#297: The Mothers of Invention, "We're Only In It for the Money" (1968)

Frank Zappa grew up saying he wanted to be a scientist like his father, but admitted his dad feared buying him a chemistry set. Instead, he bought him a drum set. At a ripe twelve years old, Zappa looked at his father and said, “Pop, I’m going to make a million dollars.”

Which is a funny history to learn when approaching We’re Only In It for the Money: the album takes a methodological approach to music. At surface level, it’s a funny, scientific satire. You’re laughing, but it’s the kind of laugh where you’re both cynical and critical of the outcome that it might actually be serious.

Songs vary from a minute to six, sprinkling some snare drums and loud guitars with vocal delivery ranging from phone conversations, high pitched melodies, and pure shouts. The lyrical framework exaggerates the commercial success of the counterculture and openly mocks the hippiedom movement and hippie persona blooming in the 1960s. In a broader ideological fashion, rather than giving in, Zappa and the Mothers of Invention decide to play the part and produce this scathing psychedelic rock record that bullshits hippies on their activism (or lack thereof).

It’s difficult to decipher the meaning behind the maniacal minute-long interludes. When listening to something like “Harry, You’re a Beast,” you can feel the narrator’s contempt towards listeners: “You paint your head / your mind is dead / you don’t even know what I said.” The group is frank about how the influx of weed, cash, and running away from home is somehow more appealing than any awareness of injustice and violence. Even “Who Needs the Peace Corps?,” the second track on the album, parodies the passiveness of hippies with “First I’ll buy some beads / and then perhaps a leather band / to go around my head...I will love everyone / I will love the police as they kick the shit out of me on the street.”

Zappa further harps on the colorblind hippie in “Concentration Moon,” an allegory on the Japanese internment camps created by the American government during World War II: “Hair growing out / every hole in me / AMERICAN WAY / threatened by US / drag a few creeps / away in a bus / AMERICAN WAY.” To put it lightly, so many people are ignorant to the prominent disparities that have historically hurt people of color and minorities, but I can’t help but experience some increased self-consciousness when realizing how Zappa’s comments mirror some activist activity in 2016.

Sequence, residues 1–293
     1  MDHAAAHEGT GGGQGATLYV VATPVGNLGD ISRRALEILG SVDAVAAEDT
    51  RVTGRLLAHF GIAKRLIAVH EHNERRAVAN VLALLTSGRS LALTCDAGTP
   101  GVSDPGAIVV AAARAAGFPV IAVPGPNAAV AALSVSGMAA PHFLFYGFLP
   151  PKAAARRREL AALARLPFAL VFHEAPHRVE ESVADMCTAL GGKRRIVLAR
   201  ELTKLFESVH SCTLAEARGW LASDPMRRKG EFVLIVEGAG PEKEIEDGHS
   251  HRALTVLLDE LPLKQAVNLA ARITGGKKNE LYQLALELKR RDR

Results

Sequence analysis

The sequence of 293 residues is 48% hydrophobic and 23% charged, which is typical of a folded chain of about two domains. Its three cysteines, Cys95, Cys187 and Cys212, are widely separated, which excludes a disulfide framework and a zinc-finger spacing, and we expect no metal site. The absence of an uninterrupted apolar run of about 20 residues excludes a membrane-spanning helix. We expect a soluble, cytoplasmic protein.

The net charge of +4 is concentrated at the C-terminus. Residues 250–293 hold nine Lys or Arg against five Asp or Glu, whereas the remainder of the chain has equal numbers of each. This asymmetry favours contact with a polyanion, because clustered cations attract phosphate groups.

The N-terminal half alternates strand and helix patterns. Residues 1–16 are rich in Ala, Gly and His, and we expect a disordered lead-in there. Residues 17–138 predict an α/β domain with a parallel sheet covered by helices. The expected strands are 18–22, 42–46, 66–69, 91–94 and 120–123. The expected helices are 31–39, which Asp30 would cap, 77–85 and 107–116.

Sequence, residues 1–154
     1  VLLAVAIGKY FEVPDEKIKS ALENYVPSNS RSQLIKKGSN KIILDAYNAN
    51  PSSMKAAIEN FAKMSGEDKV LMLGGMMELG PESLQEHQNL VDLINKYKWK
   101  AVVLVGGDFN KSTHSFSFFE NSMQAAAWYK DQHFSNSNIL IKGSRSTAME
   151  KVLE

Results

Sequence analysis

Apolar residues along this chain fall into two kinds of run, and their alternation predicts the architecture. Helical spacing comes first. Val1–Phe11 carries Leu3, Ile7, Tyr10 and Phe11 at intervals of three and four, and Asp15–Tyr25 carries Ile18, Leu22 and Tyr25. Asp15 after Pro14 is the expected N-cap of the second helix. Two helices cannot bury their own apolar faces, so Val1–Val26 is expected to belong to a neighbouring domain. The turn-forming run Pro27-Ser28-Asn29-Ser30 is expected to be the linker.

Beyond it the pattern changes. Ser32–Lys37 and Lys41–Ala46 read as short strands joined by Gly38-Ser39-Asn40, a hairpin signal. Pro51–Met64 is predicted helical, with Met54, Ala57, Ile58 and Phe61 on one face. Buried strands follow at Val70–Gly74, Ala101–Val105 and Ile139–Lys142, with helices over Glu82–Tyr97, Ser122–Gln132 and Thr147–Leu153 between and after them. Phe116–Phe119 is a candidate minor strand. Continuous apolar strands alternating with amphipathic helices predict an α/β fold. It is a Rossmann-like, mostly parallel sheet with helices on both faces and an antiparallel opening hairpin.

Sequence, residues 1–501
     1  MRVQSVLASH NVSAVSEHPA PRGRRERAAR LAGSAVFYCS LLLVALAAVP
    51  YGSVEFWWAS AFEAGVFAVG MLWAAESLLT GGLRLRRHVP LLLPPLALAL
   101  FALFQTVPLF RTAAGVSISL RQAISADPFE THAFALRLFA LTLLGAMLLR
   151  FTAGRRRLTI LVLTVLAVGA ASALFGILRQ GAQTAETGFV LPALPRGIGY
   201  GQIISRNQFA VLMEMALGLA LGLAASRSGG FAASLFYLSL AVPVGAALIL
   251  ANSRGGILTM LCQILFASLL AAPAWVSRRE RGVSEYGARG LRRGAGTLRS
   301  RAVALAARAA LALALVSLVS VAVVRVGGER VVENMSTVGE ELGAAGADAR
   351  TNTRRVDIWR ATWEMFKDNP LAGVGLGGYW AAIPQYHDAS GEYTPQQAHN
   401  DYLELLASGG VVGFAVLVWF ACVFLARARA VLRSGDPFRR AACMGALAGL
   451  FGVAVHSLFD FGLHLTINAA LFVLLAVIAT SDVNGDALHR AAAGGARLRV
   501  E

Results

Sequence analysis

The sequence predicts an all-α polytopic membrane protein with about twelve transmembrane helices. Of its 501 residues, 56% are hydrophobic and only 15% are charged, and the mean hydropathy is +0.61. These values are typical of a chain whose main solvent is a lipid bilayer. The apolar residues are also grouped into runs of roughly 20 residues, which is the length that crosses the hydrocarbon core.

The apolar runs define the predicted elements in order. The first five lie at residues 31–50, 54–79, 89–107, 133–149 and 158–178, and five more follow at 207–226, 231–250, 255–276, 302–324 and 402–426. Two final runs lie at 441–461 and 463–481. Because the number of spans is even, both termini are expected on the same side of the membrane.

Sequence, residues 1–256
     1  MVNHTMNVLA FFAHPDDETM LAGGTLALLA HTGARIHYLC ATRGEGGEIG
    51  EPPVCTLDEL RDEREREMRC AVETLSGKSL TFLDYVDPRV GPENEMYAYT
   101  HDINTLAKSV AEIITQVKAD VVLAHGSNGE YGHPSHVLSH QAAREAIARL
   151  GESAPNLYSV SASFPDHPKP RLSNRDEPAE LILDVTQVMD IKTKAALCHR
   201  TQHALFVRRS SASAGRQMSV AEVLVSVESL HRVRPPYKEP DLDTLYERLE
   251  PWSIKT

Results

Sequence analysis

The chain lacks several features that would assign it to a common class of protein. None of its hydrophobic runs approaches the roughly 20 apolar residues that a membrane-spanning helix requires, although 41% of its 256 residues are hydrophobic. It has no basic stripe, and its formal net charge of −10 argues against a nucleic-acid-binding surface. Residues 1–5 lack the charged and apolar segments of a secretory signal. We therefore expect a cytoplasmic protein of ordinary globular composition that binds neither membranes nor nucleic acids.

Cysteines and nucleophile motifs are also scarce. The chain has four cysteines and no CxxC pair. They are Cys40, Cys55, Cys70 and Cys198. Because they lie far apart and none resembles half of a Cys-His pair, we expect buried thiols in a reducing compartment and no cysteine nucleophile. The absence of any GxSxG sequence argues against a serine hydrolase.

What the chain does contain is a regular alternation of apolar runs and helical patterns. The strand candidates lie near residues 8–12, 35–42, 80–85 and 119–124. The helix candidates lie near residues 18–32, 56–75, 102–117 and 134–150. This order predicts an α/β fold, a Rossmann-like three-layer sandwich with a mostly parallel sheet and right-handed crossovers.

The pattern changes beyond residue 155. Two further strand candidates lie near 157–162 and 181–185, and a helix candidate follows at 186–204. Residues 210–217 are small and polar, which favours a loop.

In today’s widespread activism, we call things out and hashtag our causes, sometimes leading to more clicks than actual commitment. I myself am guilty of this. More often than not, there is a powerful focus on human impact and influence, but what is more common is the ability to capitalize on this “wokeness.” We click and share when convenient, when another letter or video revealing a deep injustice goes viral. Brands decide to speak out when it favors their bottom line: feminism is now marketable, #BlackLivesMatter can still be declared by companies that have yet to hire and invest in people of color, and somehow hiring a straight actor to play a trans character speaks to Hollywood’s progress.

In the 1960s, psychedelic rock and the counterculture could thrive in some ways because it boiled down to the simplicity of “love everyone.” When speaking to a friend about We’re Only In It for the Money, he quipped that something like “#AllLivesMatter” would have worked in the ‘60s because nobody would dig deeper into the nuances and differentiation; there was a deep desire to escape the chaos of war and violence. But that cannot work, not in 2016: you have to underline this complex, otherwise unjust history and confront discomfort to inch towards reconciliation and closure.

Frank Zappa himself made history by producing an album that mocked the Beatles because he thought they too were doing this for the money. Maybe they were, but wasn’t he, too? That’s the ongoing joke in We’re Only In It for the Money. It’s for the millions of dollars, but does it have to be?

— Upma Kapoor